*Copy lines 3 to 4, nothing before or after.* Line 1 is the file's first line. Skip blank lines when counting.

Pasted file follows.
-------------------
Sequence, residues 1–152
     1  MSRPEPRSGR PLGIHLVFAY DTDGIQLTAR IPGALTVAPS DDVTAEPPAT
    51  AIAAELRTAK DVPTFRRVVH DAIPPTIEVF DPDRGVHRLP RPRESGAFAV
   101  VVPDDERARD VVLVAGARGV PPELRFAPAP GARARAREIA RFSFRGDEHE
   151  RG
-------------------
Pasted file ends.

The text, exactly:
    51  AIAAELRTAK DVPTFRRVVH DAIPPTIEVF DPDRGVHRLP RPRESGAFAV
   101  VVPDDERARD VVLVAGARGV PPELRFAPAP GARARAREIA RFSFRGDEHE